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Reputation Management Training: three top tips

Reputation management training is on everyone’s lips these days.


Because in the age of 24/7, all-consuming social media, there’s always a storm brewing somewhere.

The potential for a business-altering crisis lurks around every corner.

Just ask Co-op Live Arena. Or P&O Ferries. Or Starbucks.

Your company may be smaller than those brands. The challenges, however, are just as real.

Read on for three tips on managing your reputation when a crisis hits.

1. Establish the facts

Reputation management training, rob maclean leads a course pink elephant communications

This is an often overlooked piece of a reputation management puzzle.

Emotions are running high.

There are a lot of personalities in the room.

The first step, before publishing anything, is to establish the facts of the crisis.

Separate what you know from what you still need to find out.

Once you have your facts, divide them into what can be made public and what must stay private.

Now you’ve got clear guidelines for what you can say publicly.

2. Speak out quickly – and often

Reputation management training, andrew mcfarlan leads a course for pink elephant communications

What happens if there’s a sustained period of silence during a crisis?

It’s like a vacuum: it gets filled with rubbish.

The media have column inches to fill, and broadcast hours to fulfil.

They need someone to say something.

We’d much rather that it were you than a competitor, or a disgruntled neighbour.

Or worse, an outsider with even less knowledge of the situation.

This is why it’s vital you speak out, and do so often.

Keep people updated, even if it’s simply to say there’s yet to be anything new.

That way, you control the narrative.

3. Use the three Rs

Reputation management training, three rs, pink elephant communications

This is the key to a proper apology.

It’s what we call the Three Rs.

It goes like this:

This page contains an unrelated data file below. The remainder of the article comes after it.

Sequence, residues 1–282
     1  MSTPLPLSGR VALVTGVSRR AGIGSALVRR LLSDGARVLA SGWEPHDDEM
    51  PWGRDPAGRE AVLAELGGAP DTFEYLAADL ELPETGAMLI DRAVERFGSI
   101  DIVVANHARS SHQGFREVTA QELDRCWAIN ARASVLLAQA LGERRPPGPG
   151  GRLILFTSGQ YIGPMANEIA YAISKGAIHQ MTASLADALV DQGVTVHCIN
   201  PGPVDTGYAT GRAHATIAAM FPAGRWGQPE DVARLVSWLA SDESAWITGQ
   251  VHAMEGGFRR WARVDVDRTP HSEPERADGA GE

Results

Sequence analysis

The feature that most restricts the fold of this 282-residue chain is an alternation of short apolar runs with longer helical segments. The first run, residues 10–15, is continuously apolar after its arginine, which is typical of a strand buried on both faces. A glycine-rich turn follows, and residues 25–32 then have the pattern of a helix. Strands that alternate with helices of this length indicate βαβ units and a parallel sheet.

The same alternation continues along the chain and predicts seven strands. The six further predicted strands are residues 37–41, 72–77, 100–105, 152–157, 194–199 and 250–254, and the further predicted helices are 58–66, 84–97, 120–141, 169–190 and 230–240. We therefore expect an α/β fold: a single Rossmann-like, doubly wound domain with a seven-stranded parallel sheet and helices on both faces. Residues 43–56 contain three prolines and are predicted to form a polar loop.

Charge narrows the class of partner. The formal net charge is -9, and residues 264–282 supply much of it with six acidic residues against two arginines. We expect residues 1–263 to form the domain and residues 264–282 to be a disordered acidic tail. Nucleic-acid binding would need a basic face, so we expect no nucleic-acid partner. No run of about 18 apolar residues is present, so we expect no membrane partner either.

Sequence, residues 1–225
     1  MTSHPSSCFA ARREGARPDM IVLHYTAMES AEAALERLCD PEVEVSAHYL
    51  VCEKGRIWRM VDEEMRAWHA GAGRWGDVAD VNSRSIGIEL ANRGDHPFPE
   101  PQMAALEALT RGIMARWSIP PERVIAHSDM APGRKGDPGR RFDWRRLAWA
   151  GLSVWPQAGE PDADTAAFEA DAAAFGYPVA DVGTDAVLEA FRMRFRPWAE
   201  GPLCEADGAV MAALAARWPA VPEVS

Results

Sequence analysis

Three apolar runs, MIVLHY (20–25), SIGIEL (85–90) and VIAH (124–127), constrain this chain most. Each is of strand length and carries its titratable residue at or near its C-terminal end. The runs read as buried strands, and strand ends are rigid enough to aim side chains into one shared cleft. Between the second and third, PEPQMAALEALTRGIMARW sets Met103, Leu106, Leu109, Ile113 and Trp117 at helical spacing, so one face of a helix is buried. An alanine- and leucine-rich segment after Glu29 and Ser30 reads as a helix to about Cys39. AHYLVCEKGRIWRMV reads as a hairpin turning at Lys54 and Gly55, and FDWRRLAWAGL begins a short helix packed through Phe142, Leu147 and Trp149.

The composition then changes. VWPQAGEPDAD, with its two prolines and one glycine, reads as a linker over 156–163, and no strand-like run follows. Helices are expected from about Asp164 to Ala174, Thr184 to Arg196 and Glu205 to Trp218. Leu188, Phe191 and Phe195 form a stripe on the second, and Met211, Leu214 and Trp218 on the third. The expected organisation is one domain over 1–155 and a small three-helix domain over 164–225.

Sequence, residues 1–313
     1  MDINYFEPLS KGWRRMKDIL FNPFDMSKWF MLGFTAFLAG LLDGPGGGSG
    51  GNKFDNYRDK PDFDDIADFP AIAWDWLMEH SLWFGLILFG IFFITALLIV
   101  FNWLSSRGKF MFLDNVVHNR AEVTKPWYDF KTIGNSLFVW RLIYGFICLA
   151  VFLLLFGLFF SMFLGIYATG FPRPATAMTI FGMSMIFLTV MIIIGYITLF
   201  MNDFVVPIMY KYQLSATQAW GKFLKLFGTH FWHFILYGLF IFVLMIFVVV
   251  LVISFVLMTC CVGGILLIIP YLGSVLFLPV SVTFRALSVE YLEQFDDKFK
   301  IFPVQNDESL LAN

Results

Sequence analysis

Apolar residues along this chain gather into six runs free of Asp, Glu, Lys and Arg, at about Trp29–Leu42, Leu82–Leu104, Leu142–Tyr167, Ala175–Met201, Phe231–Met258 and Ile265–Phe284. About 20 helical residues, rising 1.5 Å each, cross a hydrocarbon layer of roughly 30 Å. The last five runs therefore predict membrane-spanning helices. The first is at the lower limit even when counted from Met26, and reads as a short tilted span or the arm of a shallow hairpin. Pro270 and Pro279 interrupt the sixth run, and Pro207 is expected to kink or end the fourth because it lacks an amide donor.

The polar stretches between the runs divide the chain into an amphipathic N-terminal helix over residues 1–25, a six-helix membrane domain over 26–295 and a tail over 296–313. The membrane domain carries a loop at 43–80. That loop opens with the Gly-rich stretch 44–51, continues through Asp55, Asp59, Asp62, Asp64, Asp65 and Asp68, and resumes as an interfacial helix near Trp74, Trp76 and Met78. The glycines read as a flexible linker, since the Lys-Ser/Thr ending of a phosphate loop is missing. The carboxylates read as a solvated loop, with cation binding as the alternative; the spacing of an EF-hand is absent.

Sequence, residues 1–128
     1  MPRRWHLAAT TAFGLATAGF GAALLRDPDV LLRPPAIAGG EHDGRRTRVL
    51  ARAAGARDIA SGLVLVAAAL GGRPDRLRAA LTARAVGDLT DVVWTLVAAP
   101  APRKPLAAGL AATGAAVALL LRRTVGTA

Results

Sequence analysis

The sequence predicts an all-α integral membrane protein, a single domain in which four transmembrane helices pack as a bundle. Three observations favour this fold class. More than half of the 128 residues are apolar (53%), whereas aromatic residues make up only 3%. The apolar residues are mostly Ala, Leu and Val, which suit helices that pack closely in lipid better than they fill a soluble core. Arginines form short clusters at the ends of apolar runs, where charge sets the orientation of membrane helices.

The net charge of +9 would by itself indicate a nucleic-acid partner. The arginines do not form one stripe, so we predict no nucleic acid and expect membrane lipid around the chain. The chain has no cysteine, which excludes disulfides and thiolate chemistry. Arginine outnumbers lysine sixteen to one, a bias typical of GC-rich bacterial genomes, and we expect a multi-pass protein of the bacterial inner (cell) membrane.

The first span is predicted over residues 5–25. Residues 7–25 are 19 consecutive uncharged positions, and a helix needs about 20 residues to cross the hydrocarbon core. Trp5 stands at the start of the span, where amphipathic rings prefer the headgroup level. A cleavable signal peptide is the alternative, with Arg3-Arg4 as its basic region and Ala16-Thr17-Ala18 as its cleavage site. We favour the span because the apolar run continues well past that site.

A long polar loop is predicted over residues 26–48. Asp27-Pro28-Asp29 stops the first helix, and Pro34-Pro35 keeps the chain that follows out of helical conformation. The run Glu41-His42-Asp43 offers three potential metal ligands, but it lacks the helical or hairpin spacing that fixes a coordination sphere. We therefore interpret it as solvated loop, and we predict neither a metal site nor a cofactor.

• Regret: say sorry.
  • Reason: explain what happened.
  • Remedy: explain what you’re doing to make it better.

Often, those affected by high-profile incidents simply want an apology.

They want someone to say they’re sorry.

Before any lawyers jump on me, you can use the word ‘sorry’ to empathise.

If I’m greeted by my next-door neighbour who tells me their child is in hospital, the first thing I’ll say is:

“I’m so sorry to hear that.”

You can do the same if something has gone wrong in your business.

Reputation Management Training

Reputation management training, bill mcfarlan on a training course

We’ve run courses since 1989 for companies preparing for the worst.

Whether from our Glasgow studios, online, or at your offices around the world.

We’re at 27 countries and counting.

Working with our team of experts, we’ll throw you into a realistic crisis.

We’ll see how you handle the press. We’ll analyse how you deal with members of the public.

And we’ll have a lot of fun along the way.

If this sounds like something your business needs, email us today.


Colin Stone leads Pink Elephant’s reputation management training.

Read more about him here.


Reputation management training blog written by Colin Stone.
Reputation management training blog edited by Maxine Montgomery.
All photos in reputation management training blog by Pink Elephant Communications.

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